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Morbius director Daniel Espinosa confirms Jared Leto pretended to be disabled between shoots

In a new interview, Espinosa defends Leto's method acting choices for the movie

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Jared Leto? Nahhh that’s Morbius
Jared Leto? Nahhh that’s Morbius
Photo: Courtesy of Sony Pictures

Jared Leto doesn’t know how not to take things to the extreme. He’s taken his method acting to alarming measures, like living on the streets in New York City to prepare for Requiem For A Dream; creepily gifting his Suicide Squad costars anal beads, condoms, and a mouse; and blinding himself with special lenses while playing Niander Wallace on Blade Runner 2049.

But it appears that Leto took things too far in order to play living vampire, Morbius. In an interview with Uproxx, Morbius director Daniel Espinosa confirmed the rumor that Leto was so committed to playing a disabled character that he would use crutches and limp his way to the bathroom whenever he had to go, so production had to convince the actor to use a wheelchair to speed up the process.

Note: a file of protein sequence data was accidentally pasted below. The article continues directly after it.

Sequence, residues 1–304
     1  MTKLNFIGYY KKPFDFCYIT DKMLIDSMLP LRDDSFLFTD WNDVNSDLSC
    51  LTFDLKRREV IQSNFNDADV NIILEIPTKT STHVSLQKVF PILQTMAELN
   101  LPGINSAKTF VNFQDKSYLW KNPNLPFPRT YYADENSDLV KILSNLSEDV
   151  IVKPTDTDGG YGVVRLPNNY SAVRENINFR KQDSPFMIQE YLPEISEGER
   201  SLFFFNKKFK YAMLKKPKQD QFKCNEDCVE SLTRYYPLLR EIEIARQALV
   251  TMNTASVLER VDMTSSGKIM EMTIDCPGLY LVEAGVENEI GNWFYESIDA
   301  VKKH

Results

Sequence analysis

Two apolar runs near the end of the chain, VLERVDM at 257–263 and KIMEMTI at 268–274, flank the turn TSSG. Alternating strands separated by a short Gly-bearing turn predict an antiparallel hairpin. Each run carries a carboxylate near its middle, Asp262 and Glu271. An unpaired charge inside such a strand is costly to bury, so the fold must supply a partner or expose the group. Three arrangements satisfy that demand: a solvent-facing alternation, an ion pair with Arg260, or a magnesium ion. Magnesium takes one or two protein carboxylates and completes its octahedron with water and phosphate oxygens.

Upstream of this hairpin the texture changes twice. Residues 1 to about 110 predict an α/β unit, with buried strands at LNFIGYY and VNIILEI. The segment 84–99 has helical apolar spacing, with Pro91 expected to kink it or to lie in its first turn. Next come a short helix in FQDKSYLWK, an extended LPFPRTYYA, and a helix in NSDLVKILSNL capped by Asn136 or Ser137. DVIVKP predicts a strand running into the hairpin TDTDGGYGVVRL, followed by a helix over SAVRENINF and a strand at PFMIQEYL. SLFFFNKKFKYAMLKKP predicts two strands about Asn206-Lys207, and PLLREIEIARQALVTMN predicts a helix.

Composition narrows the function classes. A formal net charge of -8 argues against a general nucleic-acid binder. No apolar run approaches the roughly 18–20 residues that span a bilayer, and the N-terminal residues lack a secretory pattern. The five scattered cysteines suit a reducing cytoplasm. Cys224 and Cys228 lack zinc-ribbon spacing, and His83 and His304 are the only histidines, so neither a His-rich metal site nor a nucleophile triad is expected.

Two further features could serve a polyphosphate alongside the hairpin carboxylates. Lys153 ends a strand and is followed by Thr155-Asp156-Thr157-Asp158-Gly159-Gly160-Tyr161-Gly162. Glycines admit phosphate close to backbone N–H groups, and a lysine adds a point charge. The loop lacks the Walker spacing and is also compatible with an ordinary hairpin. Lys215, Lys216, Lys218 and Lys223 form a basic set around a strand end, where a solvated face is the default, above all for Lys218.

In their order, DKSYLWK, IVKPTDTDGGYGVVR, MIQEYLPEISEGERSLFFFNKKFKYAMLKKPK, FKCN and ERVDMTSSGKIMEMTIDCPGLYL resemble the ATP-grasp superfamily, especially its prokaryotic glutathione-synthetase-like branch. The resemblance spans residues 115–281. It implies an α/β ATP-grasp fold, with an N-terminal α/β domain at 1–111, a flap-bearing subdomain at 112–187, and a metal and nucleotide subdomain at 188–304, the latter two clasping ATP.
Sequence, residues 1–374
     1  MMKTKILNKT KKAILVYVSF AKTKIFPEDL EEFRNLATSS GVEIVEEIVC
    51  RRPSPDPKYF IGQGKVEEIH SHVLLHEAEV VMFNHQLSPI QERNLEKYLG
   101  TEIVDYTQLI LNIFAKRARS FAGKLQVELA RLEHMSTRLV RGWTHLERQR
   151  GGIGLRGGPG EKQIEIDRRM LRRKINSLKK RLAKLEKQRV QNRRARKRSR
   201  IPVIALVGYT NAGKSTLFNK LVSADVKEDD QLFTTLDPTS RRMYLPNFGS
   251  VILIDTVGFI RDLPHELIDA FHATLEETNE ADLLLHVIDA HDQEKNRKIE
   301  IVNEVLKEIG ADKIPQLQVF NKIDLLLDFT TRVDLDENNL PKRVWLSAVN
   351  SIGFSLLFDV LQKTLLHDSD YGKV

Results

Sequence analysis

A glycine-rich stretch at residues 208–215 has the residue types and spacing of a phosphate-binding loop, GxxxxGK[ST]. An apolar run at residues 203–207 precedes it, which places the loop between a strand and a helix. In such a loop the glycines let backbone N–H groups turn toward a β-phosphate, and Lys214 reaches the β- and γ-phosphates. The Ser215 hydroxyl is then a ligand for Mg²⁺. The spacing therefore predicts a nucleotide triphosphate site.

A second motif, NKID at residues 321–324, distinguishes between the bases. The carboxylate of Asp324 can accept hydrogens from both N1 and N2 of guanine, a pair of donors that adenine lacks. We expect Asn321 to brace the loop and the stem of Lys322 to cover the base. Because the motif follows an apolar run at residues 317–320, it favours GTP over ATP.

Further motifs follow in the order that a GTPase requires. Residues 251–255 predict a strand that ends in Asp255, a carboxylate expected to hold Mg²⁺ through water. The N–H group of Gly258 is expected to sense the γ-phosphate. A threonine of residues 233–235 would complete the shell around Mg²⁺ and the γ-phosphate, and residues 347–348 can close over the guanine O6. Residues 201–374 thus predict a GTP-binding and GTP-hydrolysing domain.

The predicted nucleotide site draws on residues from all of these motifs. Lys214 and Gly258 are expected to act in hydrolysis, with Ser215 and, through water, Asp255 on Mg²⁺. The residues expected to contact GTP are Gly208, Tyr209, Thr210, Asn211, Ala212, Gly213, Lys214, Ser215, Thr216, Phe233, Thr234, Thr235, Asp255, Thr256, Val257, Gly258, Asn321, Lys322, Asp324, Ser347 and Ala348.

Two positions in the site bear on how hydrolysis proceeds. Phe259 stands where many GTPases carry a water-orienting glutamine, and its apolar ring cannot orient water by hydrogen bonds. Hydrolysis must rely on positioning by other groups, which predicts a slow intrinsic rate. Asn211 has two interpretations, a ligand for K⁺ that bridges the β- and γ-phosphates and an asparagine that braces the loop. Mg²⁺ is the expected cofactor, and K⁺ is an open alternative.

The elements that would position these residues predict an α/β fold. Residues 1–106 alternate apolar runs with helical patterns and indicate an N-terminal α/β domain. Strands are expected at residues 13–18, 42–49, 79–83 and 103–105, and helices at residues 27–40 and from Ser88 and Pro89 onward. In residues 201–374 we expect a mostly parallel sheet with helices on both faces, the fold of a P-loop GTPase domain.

Espinosa tries to shine light into Leto’s decision, saying, “Because I think that what Jared thinks, what Jared believes, is that somehow the pain of those movements, even when he was playing normal Michael Morbius, he needed, because he’s been having this pain his whole life. Even though, as he’s alive and strong, it has to be a difference. Hey, man, it’s people’s processes.”

He adds, “All of the actors believe in processes. And you, as director, you support whatever makes it as good as you can be.”


When writer Mike Ryan notes that it must be frustrating when antics like that slow down production, Espinosa still defends Leto’s decision. “It’s more that I think the directors that don’t like actors get really frustrated about that. I think it’s really mysterious, what they do,” he responds. “Almost all actors, in general, have their own reputation of being an interesting person how he works with their characters. I think that all of them have these traits. If you want a completely normal person that does only things that you understand, then you’re in the wrong business.”

He continues, “It’s very hard to be able to say, “I can take this part away and I will still get the same stuff from him.’ I don’t do that. I’m more to see like, “Hey, if you’re doing this, we have to do this.”

Espinosa also talks about Leto’s problematic method acting in an interview with Movie Maker, where he says the actor would arrive to set acting like a “fully disabled person.” He says, “It would take him like 20 minutes to come to the front of the camera, because it was so hard [to walk]. This would also create pains in his body, to twist himself like that. But it was for him to remember the pain that the character had.”